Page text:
NAIROBI, KENYA - A new report accuses members of Chinese President Xi Jinping’s entourage on a state trip to Tanzania last year of loading an official plane with illegal ivory.
The report released Thursday by the Environmental Investigation Agency, a London-based international nonprofit, said members of the Chinese delegation bought so much ivory on the March 2013 trip that prices for the illegal commodity doubled up to $700 per kilogram.
A spokesman in Beijing said Thursday the charge that illegal ivory was carried out of Africa by a Chinese government airliner is "groundless."
The illegal ivory trade has devastated elephant populations in the East African nation.
Local traders, quoted in the report, said the contraband was allegedly bundled up and flown back to China on the presidential plane.
A video record
In a video released by the environmental agency, an alleged Tanzanian ivory dealer discusses the Chinese deals with an undercover investigator.
The unnamed trader said when Xi’s entourage visited, “Many kilos go out, many kilos.* Half of his plane goes to that business.”
When an investigator asked how he knew, the trader responded: “I know. They buy from us.”
The report added that Chinese diplomatic and military staffs, along with Chinese businessmen, in the past have used such visits to purchase large amounts of ivory.
China has not responded to the accusations, but it previously has said it is doing all it can to prevent illegal wildlife poaching.
China has vowed to crack down on ivory trafficking. In a ceremony in the city of Guangzhou in January, officials crushed more than 6 tons of confiscated raw and carved ivory to show their commitment.
The event was attended by representatives of African countries hit hard by poaching, including Tanzania.
A dubious distinction
The report said Tanzania is the biggest source of illegal ivory seized around the world.
International ivory trading was banned in the 1980s in an effort to protect elephants, tens of thousands of whom are killed by poachers each year for their tusks.
The Convention on International Trade in Endangered Species last year named China among eight nations failing to do enough to fight the import of illegally smuggled ivory.
Tanzania is a close ally of China. On a visit to Beijing last month, President Jakaya Kikwete signed business deals reported to be worth $1.7 billion.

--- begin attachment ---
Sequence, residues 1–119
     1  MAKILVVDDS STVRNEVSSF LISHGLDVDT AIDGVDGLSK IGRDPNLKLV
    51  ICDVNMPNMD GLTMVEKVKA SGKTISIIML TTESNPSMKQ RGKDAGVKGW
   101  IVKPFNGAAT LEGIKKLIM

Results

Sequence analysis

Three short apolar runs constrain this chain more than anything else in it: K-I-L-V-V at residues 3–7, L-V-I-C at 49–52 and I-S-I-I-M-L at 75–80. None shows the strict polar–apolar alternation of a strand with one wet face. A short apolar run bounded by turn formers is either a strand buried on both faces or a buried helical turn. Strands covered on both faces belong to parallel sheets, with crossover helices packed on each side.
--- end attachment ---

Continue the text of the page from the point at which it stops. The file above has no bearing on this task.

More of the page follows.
Trafficking follows established trade routes in Tanzania, beginning in the country's own wildlife reserves.
Elephants are slaughtered at the parks – Selous, a reserve in southern Tanzania, is one of the hardest hit. The ivory is collected in villages and brought to the port in Dar es Salaam, Tanzania’s capital. It is loaded onto freighters and shipped to destinations in Asia, including Hong Kong, Manila and Haiphong, Vietnam, before ending up in China, where it is cut, carved and sold as decoration or used in medicine.
Who is involved?
None of this would be possible without the cooperation of Tanzanian authorities, said Shruti Suresh, an EIA wildlife campaigner.
"Seeing that there are several tons of ivory going through government posts, past government officials, it is clear that this corruption permeates through the highest levels of government," Suresh said.
The insatiable demand for ivory, mostly from Asia, has had devastating consequences for elephant populations.
The environmental agency said Tanzania had lost two-thirds of its elephants in less than a decade, mostly to poachers. The country had 142,000 elephants in 2005; the agency predicted that, at the current death rate, the number would fall to about 55,000 in 2015. The elephant population at the Selous reserve alone fell from 70,000 in 2006 to just 13,000 in 2013.
Suresh called the decline of Tanzania’s elephant population "dire in the extreme."
"It's quite shocking," Suresh said. "And if we don't stop this rate of decline, we really don't know if Tanzania will have elephants in the near future."
* The original version of this report erroneously quoted the unnamed trader as as putting the amount of ivory at 90 kilos. VOA regrets the error.